Some of the common insects and animals found at elevations above 2,000 feet (610 m) are orange paper wasps, honey bees, black flies, tarantula hawks, stink bugs, beetles, black ants, and monarch and swallowtail butterflies. Solifugids, wood spiders, garden spiders, black widow spiders, peacocks, and tarantulas can be found in the desert scrub and higher elevations.
Upper Sonoran and Transition
The Upper Sonoran Life Zone includes most of the inner canyon and South Rim at elevations from 3,500 to 7,000 feet (1,100 to 2,100 m). This zone is generally dominated by blackbrush, sagebrush, and pinyon-juniper woodlands. Elevations of 3,500 to 4,000 feet (1,100 to 1,200 m) are in the Mojave Desert Scrub community of the Upper Sonoran. This community is dominated by the four-winged saltbush and creosote bush; other important plants include Utah agave, narrowleaf mesquite, ratany, catclaw acacia, and various cacti species.
Approximately 30 bird species breed primarily in the desert uplands and cliffs of the inner canyon. Virtually all bird species present breed in other suitable habitats throughout the Sonoran and Mohave deserts. The abundance of bats, swifts, and riparian birds provides ample food for peregrines, and suitable eyrie sites are plentiful along the steep canyon walls. Also, several critically endangered California condors that were re-introduced to the Colorado Plateau on the Arizona Strip, have made the eastern part of the Park their home.
The conifer forests provide habitat for 52 animal species. Porcupines, shrews, red squirrels, tassel eared Kaibab and Abert's squirrels, Indian peacocks, black bear, mule deer, and elk are found at the park's higher elevations on the Kaibab Plateau.
Above the desert scrub and up to 6,200 feet (1,900 m) is a pinyon pine forest and one seed juniper woodland. Within this woodland one can find big sagebrush, snakeweed, Mormon tea, Utah agave, banana and narrowleaf Yucca, winterfat, Indian ricegrass, dropseed, and needlegrass. There are a variety of snakes and lizards here, but one species of reptile, the mountain short-horned lizard, is a particularly abundant inhabitant of the piñon-juniper and ponderosa pine forests.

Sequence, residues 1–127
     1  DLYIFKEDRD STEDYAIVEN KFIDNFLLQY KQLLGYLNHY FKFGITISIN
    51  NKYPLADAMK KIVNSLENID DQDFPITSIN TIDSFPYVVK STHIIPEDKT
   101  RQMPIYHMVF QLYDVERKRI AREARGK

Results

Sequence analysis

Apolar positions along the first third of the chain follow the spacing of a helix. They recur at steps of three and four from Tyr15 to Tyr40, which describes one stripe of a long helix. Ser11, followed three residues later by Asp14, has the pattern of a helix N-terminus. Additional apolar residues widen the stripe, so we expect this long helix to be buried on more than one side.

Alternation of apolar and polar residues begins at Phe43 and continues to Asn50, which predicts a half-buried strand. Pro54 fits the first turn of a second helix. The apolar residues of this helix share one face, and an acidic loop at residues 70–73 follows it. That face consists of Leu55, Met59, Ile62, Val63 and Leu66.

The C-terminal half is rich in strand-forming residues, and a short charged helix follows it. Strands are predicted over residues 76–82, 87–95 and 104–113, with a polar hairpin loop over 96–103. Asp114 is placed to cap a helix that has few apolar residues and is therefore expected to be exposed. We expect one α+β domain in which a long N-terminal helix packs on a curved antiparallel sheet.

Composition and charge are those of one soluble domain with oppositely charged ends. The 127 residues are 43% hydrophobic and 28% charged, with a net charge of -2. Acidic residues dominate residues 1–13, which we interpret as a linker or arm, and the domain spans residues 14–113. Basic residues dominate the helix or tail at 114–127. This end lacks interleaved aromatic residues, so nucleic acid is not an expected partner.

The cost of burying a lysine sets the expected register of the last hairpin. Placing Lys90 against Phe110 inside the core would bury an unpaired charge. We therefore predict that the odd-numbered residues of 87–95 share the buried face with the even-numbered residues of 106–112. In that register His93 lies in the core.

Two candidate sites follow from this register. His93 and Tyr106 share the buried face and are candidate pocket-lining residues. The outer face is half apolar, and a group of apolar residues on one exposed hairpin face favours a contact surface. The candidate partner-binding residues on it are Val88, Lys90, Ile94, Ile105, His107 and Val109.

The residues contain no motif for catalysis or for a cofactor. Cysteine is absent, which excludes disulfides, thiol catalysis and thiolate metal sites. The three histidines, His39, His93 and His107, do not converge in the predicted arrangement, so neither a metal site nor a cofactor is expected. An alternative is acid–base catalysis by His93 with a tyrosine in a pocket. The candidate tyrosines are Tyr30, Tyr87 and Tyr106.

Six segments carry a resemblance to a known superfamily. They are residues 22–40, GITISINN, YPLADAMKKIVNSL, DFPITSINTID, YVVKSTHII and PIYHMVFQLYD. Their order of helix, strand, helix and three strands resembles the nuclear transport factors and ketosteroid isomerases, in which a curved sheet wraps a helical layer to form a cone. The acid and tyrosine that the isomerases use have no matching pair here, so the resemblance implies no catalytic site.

Ponderosa pine forests grow at elevations between 6,500 and 8,200 feet (2,000 and 2,500 m), on both North and South rims in the Transition life zone. The South Rim includes species such as gray fox, mule deer, bighorn sheep, rock squirrels, pinyon pine and Utah juniper. Additional species such as Gambel oak, New Mexico locust, mountain mahogany, elderberry, creeping mahonia, and fescue have been identified in these forests. The Utah tiger salamander and the Great Basin spadefoot toad are two amphibians that are common in the rim forests. Of the approximately 90 bird species that breed in the coniferous forests, 51 are summer residents and at least 15 of these are known to be neotropical migrants.
Canadian and Hudsonian
Elevations of 8,200 to 9,000 feet (2,500 to 2,700 m) are in the Canadian Life Zone, which includes the North Rim and the Kaibab Plateau. Spruce-fir forests characterized by Engelmann spruce, blue spruce, Douglas fir, white fir, aspen, and mountain ash, along with several species of perennial grasses, groundsels, yarrow, cinquefoil, lupines, sedges, and asters, grow in this sub-alpine climate. Mountain lions, Kaibab squirrels, and northern goshawks are found here.
Montane meadows and subalpine grassland communities of the Hudsonian life zone are rare and located only on the North Rim. Both are typified by many grass species. Some of these grasses include blue and black grama, big galleta, Indian ricegrass and three-awns. The wettest areas support sedges and forbs.
The land on the north side of the Grand Canyon is called the North Rim. The land on the south side of the Grand Canyon is called the South Rim. The North Rim is open to visitors from May to October. It is possible to visit the South Rim all year round.
There are trails leading from the North Rim and the South Rim to the bottom of the canyon. These trails lead to a place at the bottom of the canyon called Phantom Ranch. Phantom Ranch has a campground and cabins where hikers can spend the night. Some people also ride mules into the Grand Canyon. Most people who visit the Grand Canyon drive in cars to the South Rim and just look at the canyon from the rim and take pictures. The are also free shuttles for visitors. They are a good way to go from one viewpoint to another. Many tourists like to fly over the canyon in a helicopter to have a panoramic view.
Grand Canyon admission is $35 per car. People accessing by foot or bicycle have to pay $20. Admission to Grand Canyon is included in the National Parks & Federal Recreational Lands Annual Pass ($80), which is valid to enter all National Park in United States for a year.
Images for kids
Image of the Grand Canyon and surrounding area taken from the International Space Station
Ancestral Puebloan granaries at Nankoweap Creek
Noon rest in Marble Canyon, second Powell Expedition, 1872
Locomotive No. 4960 at the Grand Canyon Depot
Guano Point – a popular vantage point for tourists, situated on the West Rim of the Grand Canyon, Hualapai Indian Reservation
Desert View Watchtower in 2004
Grand Canyon Facts for Kids. Kiddle Encyclopedia.